IF is just one way to measure journal influence. Another important metric of impact is downloads, which also demonstrates strong results in 2021. Downloads are an obvious impact metric that measures how often journal readers take the time to download an article. CTS downloads have shown impressive growth since we relaunched as an ASCPT journal in 2016. Overall, downloads have increased from 578,000 in 2020 to 681,000 in 2021. The top downloaded article was a tutorial, which is consistent with our intended positive educational impact on the field of translational science. Two of the top three downloaded articles were related to COVID-19, which reflects the persistent consequences of the pandemic. The three most downloaded articles in CTS** were:
- Regulatory Affairs 101: Introduction to Investigational New Drug Applications and Clinical Trial Applications by Chiodin et al. – 13,465 downloads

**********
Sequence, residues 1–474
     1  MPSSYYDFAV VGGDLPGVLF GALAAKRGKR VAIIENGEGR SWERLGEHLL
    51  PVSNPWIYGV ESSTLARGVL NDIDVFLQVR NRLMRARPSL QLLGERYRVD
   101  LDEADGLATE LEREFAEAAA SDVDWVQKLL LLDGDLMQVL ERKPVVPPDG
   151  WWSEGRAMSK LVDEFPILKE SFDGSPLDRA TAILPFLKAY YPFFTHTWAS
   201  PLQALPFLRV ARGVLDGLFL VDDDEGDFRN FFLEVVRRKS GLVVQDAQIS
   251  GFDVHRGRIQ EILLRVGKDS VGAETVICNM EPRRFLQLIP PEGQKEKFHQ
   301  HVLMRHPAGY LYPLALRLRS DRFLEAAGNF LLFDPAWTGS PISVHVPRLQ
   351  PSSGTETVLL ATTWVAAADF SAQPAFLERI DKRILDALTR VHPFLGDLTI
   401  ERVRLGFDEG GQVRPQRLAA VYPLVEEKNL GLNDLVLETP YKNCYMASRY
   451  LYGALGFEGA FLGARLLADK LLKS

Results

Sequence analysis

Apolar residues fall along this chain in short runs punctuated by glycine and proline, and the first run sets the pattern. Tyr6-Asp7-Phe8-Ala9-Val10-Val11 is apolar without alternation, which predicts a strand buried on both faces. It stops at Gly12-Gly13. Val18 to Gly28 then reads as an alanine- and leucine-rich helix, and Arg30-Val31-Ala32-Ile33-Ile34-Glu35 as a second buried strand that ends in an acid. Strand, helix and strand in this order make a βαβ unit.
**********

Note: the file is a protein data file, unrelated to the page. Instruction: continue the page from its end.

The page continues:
- COVID-19 Vaccine Hesitancy: Race/Ethnicity, Trust, and Fear by Willis et al. – 9,467 downloads
- SARS‐CoV‐2 Infection as a Trigger of Autoimmune Response by Sacchi et al. – 8,210 downloads
In our increasingly social media-connected world, another measure of journal influence is the Altmetric score, which is a measure of the global, public attention articles garnered, including through news outlets and social media. Interestingly, the Altmetric score does not include LinkedIn posts, a major social media venue for ASCPT members. The three highest Altmetric scores*** in CTS were:
- Clinical Evaluation of an Investigational 5 mL Wearable Injector in Healthy Human Subjects by Woodley et al. – Altmetric score of 174
- Characterizing the Reproducibility in Using a Liver Microphysiological System for Assaying Drug Toxicity, Metabolism, and Accumulation by Rubiano et al. – Altmetric score of 120
- Assessing the Impact of COVID‐19 on Registered Interventional Clinical Trials by Hawila and Berg – Altmetric score of 104